PG is the story of a family unit, living out their every day lives. Mom Susan (Alexis Kara Hancey), and Dad Greg (Adam Brooks), try to corral their rambunctious kids Mimi & Luke (Nita-Josee Hanna & Owen Myre respectively). It should be noted that Adam Brooks is a mainstay in the Astron-6 universe as a founding member and actor in most projects. His character of Greg the dad has some of the absolute best, and ridiculous, dialogue in the entire film. His story about how accepting candy from strangers can be a GOOD thing, literally had me in tears. Make no mistake, this is Mimi’s movie. Mimi is an eccentric child, and although she seems to be the younger of the two, she calls the shots. This is evident from the beginning of the film when we see her and Luke playing a game of Mimi’s invention…”Crazy Ball”. It is crazy, and almost completely incomprehensible by design. Crazy Ball will come up numerous times throughout the film, and each time it somehow seems to get more hilariously complicated. One day, after losing a game of Crazy Ball to Mimi, Luke’s punishment is to dig his own grave in the backyard. In this universe, a punishment so bizarre seems to be commonplace. Luke unearths a glowing purple gem, that we know from the opening scrolling credits, is the prison for an alien destroyer of worlds.
Once Mimi gets a hold of the gem, the alien is released. Whoever is in control of the gem, is in control of the alien. The alien is huge and slimy, and looks like some combat ready version of the creature in THE SHAPE OF WATER. He speaks in long diatribes about violence and the havoc he’ll wreak when released. Mimi is unphazed and chooses to make a playmate out of this alien creature. Luke and Mimi decide this planet destroying monster will be named Psycho Goreman.
At first PG is an unwilling participant in Mimi’s games. He constantly hurls threats at the children, but neither of them are the least bit concerned. PG lives in an abandoned warehouse behind the children’s home. Mimi sets him up with a TV and PG starts to learn a little bit about things on earth. We know he’s dangerous, as anyone who accidentally comes upon the old warehouse will discover. At one point a group of petty criminals decide to hold up in the warehouse and discover PG brooding. He instantly dispatches the criminals with varying degrees of over the top gore. The next day when the kids see the carnage, no one bats an eye. Even when PG turns one of their friends into a slimy walking brain, no one seems to even notice. While all of this is playing out on earth, an intergalactic council discovers that PG is alive and well on planet Earth. Let the games (wink, wink)…begin. This is the kind of ridiculousness that lies ahead.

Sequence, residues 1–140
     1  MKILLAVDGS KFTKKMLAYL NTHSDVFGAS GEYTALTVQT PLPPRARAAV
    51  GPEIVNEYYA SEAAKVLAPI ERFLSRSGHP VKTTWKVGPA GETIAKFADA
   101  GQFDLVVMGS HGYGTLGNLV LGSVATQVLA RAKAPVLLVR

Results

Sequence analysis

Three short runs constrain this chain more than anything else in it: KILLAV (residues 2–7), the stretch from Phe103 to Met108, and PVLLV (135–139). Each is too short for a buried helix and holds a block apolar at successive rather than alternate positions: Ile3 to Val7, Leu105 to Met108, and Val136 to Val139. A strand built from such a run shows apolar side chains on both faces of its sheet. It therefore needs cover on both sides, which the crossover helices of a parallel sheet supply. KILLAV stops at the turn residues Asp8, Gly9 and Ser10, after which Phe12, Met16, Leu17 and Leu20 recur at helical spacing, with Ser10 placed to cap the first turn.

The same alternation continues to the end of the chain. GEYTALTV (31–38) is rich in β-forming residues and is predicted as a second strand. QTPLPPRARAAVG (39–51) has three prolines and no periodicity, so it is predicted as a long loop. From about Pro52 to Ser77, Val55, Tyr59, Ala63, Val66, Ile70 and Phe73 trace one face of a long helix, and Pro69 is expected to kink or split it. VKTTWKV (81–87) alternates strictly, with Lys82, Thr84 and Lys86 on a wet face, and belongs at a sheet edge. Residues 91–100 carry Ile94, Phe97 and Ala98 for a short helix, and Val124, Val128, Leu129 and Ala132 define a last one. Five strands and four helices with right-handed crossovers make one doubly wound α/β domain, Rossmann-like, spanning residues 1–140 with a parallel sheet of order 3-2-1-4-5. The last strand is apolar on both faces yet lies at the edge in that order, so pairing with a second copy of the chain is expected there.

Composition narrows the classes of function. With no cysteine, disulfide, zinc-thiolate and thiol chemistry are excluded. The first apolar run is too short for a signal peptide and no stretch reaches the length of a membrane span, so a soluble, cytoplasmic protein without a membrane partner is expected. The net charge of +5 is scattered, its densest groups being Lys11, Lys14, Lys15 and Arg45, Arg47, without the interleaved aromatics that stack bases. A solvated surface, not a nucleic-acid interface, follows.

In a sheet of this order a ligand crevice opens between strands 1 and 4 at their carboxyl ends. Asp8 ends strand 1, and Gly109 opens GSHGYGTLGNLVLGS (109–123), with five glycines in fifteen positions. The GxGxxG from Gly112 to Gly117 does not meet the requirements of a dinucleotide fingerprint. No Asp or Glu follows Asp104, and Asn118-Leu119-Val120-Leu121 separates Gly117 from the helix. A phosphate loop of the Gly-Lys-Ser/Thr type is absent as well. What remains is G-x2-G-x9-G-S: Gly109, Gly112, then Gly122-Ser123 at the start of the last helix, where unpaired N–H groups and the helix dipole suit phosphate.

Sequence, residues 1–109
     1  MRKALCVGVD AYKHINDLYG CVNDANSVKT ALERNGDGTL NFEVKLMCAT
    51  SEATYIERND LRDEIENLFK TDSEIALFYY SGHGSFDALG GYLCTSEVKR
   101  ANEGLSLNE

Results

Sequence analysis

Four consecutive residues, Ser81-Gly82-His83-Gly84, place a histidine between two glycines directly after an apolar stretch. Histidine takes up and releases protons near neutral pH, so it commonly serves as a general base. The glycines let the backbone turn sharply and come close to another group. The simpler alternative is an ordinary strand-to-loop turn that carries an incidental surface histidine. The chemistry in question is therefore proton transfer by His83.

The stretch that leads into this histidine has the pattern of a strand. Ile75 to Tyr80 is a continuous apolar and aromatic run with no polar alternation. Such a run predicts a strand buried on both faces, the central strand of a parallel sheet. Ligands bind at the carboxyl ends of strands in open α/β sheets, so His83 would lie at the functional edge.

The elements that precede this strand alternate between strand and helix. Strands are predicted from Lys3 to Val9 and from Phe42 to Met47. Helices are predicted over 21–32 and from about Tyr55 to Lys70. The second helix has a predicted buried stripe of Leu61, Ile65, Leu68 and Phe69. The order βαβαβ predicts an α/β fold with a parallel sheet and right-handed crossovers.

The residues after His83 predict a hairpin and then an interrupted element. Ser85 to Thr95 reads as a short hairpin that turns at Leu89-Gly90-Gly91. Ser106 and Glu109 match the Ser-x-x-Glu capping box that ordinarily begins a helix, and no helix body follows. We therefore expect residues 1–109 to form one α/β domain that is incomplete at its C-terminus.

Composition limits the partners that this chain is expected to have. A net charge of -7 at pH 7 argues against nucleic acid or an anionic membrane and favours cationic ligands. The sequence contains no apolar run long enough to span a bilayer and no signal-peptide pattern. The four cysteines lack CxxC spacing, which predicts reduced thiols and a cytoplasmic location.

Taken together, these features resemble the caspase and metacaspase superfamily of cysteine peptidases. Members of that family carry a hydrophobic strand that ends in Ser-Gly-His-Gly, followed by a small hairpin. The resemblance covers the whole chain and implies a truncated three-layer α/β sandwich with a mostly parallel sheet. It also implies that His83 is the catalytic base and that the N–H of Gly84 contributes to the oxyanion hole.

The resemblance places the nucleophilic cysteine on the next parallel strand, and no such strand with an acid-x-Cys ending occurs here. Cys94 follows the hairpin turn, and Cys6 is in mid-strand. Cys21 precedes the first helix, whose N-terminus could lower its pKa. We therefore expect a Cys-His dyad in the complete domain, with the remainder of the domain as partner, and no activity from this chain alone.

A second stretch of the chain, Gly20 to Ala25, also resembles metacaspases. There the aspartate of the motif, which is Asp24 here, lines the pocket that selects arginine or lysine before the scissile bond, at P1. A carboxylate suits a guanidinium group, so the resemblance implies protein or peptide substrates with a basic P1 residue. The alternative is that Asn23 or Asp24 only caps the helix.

PG has all the childlike innocence of films like E.T., or SPACED INVADERS, but in the twisted way only Kostanski & CO could produce…Complete with a trying-on-outfits montage to help PG fit in. The film is filled to the brim with all the practical effects your 80’s loving hearts could possibly desire. The Make-up and costumes are somehow both high caliber and low caliber at the same time…seemingly by design. Everything within is impossibly high-concept, while never relinquishing its low-brow sensibilities. It’s a film that sticks with you, if for no other reason than that there really isn’t anything quite like it. It’s fun, violent, and goofy as hell. PG is the blood-soaked after-school special you didn’t know you needed.
PSYCHO GOREMAN is available on VOD now!
“PSYCHO GOREMAN is the blood-soaked after-school special you didn’t know you needed”
3 Tombstones out of 5…